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Old Gold & Black

Old Gold & Black

OPINION: Men’s Basketball just won’t back down
Abigail Taylor, Contributing writer • February 27, 2024

College blues

My father and I on a life changing day for me, my freshman move-in day.
My father and I on a life changing day for me, my freshman move-in day.

By: Essence Buckman, Staff Writer

I remember my high school graduation day like it wasn’t too long ago. I was so ready to get away from my classmates and experience something new. I knew that in three months, I would finally be attending college—Woffo rd college, that is. I just really wish I was better informed.

This college was never an option of mine, and I never heard of it until my high school French teacher recommended it to me. So I just did the application.  I was accepted and some of my other choices didn’t work out, but one of my top choices, Clemson, was in competition with Wofford as my final choice. I was given a private tour here by an upperclassmen and liked the way the campus looked; I did my research and liked that the class sizes would be small. Clemson’s size was simply a turn off for me, and I believed that I made the right choice choosing a small, private school that would accommodate my academic needs, but that’s about all this place does.

I don’t know if it was fate that resulted in me choosing this college and still attending, but from the first week of orientation until now, adjusting to this atmosphere has been a struggle. I was not deterred by the fact that I was attending a predominantly white institution or PWI because I always look at the bigger picture of things and know of other PWIs that are at least manageable by students of color. Unfortunately, I must say this particular one is very different compared to others due to the fact that there are not many outlets here for students of color to feel involved or comfortable for that matter.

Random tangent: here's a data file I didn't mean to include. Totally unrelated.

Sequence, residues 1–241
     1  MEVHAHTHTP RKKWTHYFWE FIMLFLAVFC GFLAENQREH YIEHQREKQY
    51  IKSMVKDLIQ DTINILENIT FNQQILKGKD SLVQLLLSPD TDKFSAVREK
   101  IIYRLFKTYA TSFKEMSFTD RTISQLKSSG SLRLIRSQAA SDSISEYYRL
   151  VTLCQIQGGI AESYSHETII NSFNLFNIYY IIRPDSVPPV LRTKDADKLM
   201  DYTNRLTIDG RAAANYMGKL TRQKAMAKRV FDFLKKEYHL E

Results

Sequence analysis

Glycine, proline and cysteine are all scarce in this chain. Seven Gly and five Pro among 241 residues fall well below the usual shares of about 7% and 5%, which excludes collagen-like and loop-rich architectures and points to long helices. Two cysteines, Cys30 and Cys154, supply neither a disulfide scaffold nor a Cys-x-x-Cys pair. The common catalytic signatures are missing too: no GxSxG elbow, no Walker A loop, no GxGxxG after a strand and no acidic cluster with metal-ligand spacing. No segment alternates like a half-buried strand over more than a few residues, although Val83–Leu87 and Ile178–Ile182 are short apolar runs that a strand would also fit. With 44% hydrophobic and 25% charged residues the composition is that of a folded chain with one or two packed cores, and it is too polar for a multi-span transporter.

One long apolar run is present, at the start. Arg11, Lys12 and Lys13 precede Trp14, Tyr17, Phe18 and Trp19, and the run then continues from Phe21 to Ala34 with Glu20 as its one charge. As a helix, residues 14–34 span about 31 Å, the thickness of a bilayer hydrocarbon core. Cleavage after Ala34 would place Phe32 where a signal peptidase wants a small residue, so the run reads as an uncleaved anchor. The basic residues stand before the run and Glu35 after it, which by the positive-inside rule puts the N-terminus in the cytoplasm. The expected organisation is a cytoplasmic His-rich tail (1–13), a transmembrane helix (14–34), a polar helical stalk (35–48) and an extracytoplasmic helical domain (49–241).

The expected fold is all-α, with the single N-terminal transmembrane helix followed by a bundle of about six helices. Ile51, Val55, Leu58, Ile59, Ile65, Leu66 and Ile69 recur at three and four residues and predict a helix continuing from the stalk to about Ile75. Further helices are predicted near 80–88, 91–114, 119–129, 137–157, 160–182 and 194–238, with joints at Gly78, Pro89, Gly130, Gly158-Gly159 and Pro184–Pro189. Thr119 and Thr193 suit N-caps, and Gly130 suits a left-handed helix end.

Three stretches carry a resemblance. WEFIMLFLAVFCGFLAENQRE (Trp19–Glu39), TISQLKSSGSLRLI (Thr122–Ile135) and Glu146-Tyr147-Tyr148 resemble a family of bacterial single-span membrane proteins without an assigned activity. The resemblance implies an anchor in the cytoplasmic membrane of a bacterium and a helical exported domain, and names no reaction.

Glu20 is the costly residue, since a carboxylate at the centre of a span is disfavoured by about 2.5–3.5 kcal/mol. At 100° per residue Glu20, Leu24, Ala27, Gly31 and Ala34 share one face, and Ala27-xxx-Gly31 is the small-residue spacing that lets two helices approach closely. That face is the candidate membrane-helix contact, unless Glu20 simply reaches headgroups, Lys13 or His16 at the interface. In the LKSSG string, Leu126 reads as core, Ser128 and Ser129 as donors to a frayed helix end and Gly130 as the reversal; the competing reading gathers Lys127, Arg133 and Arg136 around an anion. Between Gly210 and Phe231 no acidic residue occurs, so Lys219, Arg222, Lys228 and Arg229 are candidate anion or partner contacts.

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During orientation week, I was very upset to find out that there was no historically black sororities available on campus, when I was told that there were. I was also bothered that not many students here were very friendly and looked at me with judging eyes obviously because of the color of my skin. I knew that this could happen anywhere, but I found out that it will be hard to have a real organization-like family to fall back on since this campus is athlete and Greek-life revolved—if you’re not a part of those, no matter what color, you’re going to have a hard time.

Due to all of these situations, on top of feeling like I just do not belong here, I was vocal with my parents about transferring. I explained to them that the academic life here is already stressful, so to feel like I don’t even have a welcoming social or residence life to fall back on due to attending a conservative school, was terrible. I knew Clemson had similar issues like this, but deep inside I felt like I would be able to find what I was looking for to keep me happy. I didn’t want to be stressed out of for the majority of my experience here, but my parents kept insisting that I push through because “there is a light at the end of the tunnel.” So they will not let me transfer.

I have a few jobs here now, and I am trying to be more involved, but I still feel that disconnect. I still feel like I can’t call this college home, because “home is [supposed to be] where the heart is.” I have formed a family becoming a Resident Assistant, but to this day, I still feel like I made the wrong choice in choosing this college since every aspect of life here seems so exclusive to certain groups, not including me. Considering that fact that the atmosphere here is not the best, I feel like I was and still am robbed out of a happy college experience.

However, due to the diversity and race dialogue in Olin Theatre on Feb. 24, I am extremely hopeful that my experience, along with others’ will be noticed by many and taken into action. After this discussion, I am optimistic that the opinions I have formed about Wofford can be changed. Only time can tell.

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